According to a short research, the vaccination safety for the lactation and pregnant women was not reported in human milk and the early indications of not being transmitted to the child indicated that Covid-19 was not identified.
University of California-San Francisco (UCSF) researchers analysed breast milk in seven women after receiving the Pfizer and Moderna mRNA vaccinations and found no sign of the vaccines known to prevent SARS-CoV2 transmitting, a Covid-19 virus.
The JAMA Pediatrics study provides the first direct evidence on breastfeeding vaccine safety. It can address concerns among individuals who have denied or stopped nursing because immunisation can cause changes to human milk.
The World Health Organisation advises the vaccination of nursing persons, and the Academy of Breastfeeding Medicine noted there is a small chance that nanoparticles or mRNA can be injected into or transferred to the breast tissue and that this may impact child immunity theoretically.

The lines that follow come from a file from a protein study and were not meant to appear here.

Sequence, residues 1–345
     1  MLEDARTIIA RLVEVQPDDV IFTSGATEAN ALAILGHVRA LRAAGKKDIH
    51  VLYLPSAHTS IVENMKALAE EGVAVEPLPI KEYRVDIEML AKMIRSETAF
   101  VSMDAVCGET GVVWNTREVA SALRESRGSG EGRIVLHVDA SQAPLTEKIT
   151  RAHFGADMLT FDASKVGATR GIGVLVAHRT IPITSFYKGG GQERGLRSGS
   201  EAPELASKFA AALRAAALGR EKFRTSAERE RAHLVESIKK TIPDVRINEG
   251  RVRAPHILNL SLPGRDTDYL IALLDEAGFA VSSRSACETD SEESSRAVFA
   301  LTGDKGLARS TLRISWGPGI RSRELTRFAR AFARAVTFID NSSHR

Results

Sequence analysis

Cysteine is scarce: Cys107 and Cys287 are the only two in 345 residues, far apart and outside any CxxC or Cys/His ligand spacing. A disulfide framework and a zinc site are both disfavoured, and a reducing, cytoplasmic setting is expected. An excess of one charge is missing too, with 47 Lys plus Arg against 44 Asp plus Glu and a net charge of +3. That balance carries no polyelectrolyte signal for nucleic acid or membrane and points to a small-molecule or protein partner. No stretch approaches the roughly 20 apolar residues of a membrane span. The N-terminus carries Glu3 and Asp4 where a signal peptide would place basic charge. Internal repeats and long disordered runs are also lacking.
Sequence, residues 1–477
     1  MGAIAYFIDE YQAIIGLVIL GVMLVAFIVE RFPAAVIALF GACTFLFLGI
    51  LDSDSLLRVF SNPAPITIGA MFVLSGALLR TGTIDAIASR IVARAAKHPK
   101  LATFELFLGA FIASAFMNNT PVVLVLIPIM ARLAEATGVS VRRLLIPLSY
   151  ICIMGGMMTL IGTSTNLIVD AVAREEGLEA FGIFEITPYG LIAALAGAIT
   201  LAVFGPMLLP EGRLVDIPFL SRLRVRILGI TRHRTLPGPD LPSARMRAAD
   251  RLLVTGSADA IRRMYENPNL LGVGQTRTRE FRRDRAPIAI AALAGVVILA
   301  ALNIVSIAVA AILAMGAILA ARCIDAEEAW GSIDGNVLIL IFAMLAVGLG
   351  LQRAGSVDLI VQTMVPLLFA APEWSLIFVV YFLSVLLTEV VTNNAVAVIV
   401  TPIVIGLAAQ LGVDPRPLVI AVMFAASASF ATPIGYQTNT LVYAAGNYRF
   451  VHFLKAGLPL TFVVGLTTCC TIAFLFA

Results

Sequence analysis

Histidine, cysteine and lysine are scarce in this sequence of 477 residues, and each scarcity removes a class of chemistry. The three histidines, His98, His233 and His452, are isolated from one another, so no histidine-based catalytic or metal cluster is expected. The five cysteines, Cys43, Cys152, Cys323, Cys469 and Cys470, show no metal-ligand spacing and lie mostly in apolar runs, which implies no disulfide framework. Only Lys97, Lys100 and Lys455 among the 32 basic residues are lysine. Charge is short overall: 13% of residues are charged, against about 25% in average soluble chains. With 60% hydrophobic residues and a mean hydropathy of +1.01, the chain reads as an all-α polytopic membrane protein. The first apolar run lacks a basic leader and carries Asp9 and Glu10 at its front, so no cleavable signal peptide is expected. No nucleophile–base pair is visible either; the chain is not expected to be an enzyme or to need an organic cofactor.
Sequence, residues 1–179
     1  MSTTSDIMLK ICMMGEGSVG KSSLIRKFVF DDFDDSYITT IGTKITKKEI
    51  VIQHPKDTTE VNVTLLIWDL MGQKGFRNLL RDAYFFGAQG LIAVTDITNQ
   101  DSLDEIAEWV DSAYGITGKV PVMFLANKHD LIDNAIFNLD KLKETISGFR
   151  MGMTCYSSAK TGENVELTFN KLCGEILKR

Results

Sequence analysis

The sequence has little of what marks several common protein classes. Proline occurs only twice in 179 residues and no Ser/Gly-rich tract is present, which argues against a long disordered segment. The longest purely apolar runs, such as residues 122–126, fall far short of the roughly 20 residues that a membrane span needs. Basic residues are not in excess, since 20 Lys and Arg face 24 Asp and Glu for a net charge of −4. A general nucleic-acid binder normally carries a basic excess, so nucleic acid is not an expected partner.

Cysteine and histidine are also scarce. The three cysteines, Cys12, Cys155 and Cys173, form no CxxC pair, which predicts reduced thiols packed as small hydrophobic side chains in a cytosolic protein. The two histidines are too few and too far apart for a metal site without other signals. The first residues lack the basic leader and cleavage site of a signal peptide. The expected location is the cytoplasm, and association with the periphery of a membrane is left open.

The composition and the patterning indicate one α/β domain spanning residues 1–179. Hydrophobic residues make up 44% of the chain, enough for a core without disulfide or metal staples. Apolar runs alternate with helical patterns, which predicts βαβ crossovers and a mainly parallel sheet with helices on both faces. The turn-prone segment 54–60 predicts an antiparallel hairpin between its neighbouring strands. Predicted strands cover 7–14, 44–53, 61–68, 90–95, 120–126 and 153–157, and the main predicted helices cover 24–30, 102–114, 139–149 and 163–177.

The investigation was place between December 2020 and February 2021. The age varied from 1 month to 3 years for the mothers was 37,8 years.. Samples of milk have been taken before and up to 48 hours after immunisation at different periods.
Researchers discovered that no vaccination mRNA in a component of the milk was found to be detectable at any sample.
However, the study was restricted by the small sample size and the authors observed that further clinical data from bigger groups were needed so as to properly evaluate the impact of vaccinations on outcomes of breastfeeding.